2. I've posted a few times about how i'm in this awesome relationship and it's really confusing, because i've never dated someone for this long before and we're not engaged now and won't be any time soon, so i have no idea how to just keep being someone's girlfriend. I'm not struggling to patch holes in a failing relationship, i'm not flushed with new love, i'm not desperately seeking an excuse to break up. I'm deeply in long-term love in a strong relationship and i don't know what the hell to do about it. I know how to get into relationships and i know how to leave them, but the basic daily maintenance of relationships is hard and new and confusing. I'm glad i'm not the only one who feels that way.

3. This is a 

  • graphic novel
  • written by a woman
  • about food
  • that includes recipes.
So basically, it was designed with me in mind.

4. In the last election, we spent a lot of time talking about rape, because some legitimate medical doctors who specialize in women's reproductive health and some legitimate lawyers who specialize in rape cases explained to us all that there are different kinds of rape, and that one of them can never result in pregnancy, so we need to stop using that excuse to justify abortions. Oh wait, actually, what happened was a bunch of idiot politicians accused women of making false rape claims and also demonstrated a profound misunderstanding of how biology works.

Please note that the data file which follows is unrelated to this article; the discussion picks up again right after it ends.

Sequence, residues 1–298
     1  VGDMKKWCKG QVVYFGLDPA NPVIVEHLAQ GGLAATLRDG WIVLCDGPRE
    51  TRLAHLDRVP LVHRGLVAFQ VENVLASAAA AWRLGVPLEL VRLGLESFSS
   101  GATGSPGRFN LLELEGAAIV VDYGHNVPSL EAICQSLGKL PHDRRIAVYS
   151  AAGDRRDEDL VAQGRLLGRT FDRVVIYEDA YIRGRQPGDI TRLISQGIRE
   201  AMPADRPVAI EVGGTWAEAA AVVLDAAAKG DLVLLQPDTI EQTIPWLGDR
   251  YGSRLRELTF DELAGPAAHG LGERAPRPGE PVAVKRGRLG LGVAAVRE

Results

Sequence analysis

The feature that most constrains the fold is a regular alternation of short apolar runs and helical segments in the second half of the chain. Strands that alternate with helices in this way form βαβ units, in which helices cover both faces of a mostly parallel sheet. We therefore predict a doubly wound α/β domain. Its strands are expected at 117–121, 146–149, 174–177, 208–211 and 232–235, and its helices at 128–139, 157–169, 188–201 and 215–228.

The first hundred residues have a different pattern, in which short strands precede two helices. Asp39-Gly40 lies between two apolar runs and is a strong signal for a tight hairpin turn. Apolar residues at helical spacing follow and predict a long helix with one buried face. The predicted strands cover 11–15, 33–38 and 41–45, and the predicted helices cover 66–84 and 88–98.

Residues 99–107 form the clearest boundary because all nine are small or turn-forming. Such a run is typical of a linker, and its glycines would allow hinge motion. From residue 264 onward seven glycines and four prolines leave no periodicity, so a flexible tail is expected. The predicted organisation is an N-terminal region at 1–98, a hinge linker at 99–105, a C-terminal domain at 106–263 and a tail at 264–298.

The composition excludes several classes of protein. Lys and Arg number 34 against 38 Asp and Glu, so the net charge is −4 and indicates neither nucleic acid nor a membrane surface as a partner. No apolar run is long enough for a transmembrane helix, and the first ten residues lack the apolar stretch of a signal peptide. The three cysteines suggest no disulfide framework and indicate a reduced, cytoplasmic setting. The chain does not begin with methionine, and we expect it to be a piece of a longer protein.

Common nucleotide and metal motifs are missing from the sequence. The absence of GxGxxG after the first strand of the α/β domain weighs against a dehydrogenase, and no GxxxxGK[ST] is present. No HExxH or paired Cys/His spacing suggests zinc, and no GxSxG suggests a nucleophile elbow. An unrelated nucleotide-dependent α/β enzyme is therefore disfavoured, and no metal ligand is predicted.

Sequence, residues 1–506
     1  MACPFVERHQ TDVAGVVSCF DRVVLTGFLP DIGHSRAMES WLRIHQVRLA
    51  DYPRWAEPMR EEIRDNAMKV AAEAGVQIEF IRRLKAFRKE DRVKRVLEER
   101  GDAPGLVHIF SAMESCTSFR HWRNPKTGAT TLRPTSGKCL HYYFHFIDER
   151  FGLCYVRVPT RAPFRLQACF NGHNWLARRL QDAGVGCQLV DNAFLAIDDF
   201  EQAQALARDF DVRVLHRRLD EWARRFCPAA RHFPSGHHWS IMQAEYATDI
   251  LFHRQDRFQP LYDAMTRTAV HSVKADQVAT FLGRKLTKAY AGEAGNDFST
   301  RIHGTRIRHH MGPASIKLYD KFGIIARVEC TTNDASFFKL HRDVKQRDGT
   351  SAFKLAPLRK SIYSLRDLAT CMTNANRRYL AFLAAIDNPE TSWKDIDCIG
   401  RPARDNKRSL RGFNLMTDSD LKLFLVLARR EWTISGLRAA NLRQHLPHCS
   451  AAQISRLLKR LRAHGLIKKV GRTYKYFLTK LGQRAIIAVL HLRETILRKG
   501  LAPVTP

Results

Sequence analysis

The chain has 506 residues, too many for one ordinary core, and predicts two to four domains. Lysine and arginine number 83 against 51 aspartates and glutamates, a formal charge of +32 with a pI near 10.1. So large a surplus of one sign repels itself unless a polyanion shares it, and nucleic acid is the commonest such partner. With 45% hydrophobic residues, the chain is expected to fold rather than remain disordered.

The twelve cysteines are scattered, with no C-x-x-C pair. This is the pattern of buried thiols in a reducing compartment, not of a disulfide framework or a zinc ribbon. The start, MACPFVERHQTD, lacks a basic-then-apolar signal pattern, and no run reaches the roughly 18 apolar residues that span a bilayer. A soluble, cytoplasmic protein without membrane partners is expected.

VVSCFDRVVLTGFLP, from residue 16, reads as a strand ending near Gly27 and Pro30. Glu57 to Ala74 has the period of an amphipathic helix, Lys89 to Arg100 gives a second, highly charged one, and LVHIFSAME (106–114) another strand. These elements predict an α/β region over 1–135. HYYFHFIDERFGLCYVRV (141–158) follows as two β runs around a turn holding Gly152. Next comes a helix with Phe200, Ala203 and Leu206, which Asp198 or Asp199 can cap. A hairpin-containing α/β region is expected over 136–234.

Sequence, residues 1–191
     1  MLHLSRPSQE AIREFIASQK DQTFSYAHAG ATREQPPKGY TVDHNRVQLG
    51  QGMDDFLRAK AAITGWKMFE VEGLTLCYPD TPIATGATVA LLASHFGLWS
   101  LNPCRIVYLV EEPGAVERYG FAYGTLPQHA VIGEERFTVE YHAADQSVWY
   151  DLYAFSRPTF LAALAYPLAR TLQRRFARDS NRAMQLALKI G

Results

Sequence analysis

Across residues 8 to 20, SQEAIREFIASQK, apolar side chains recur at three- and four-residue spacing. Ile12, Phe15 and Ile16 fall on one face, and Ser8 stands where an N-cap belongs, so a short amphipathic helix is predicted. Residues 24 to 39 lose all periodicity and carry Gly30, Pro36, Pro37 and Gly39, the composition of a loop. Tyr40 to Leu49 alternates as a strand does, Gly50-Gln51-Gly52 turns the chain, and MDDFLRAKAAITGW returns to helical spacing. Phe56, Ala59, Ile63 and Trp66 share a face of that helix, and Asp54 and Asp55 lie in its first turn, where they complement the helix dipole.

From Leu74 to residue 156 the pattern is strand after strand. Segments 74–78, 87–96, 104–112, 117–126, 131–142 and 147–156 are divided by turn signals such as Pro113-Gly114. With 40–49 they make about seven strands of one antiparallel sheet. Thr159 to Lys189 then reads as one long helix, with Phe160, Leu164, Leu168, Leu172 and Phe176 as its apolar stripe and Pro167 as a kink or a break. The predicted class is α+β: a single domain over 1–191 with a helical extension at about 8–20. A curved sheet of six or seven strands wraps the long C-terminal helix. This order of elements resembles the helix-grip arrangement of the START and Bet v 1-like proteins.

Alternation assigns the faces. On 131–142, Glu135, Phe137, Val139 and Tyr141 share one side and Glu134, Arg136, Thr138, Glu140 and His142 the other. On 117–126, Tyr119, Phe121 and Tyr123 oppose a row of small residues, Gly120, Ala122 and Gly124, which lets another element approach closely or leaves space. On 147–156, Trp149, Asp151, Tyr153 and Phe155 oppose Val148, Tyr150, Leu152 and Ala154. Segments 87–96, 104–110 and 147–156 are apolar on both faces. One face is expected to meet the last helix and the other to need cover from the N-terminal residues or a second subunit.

In the aftermath, i had a conversation with a well-meaning friend who pointed out that women do sometimes falsely accuse men of rape, and it really sucks for the men. Back then, i was less educated about rape culture than i am now, but i did know that a woman who cries rape, whether true or not, will be blamed and doubted and questioned and ridiculed, and a man accused of rape, whether true or not, will be defended. I said then that i'd rather live in a world where women feel comfortable reporting rape, even if that means that men are sometimes falsely accused, than in a world where women who really have been raped are afraid to come forward because they think no one will believe them, even if that means that no man is ever falsely accused. Or, as Cliff puts it, "I'd rather live in a world where a hundred false accusers are told 'I believe you, I care about you, and I'll stand up for you,' than where one rape survivor is told 'gosh, this story has two sides and I really need to consider him innocent until proven guilty.'"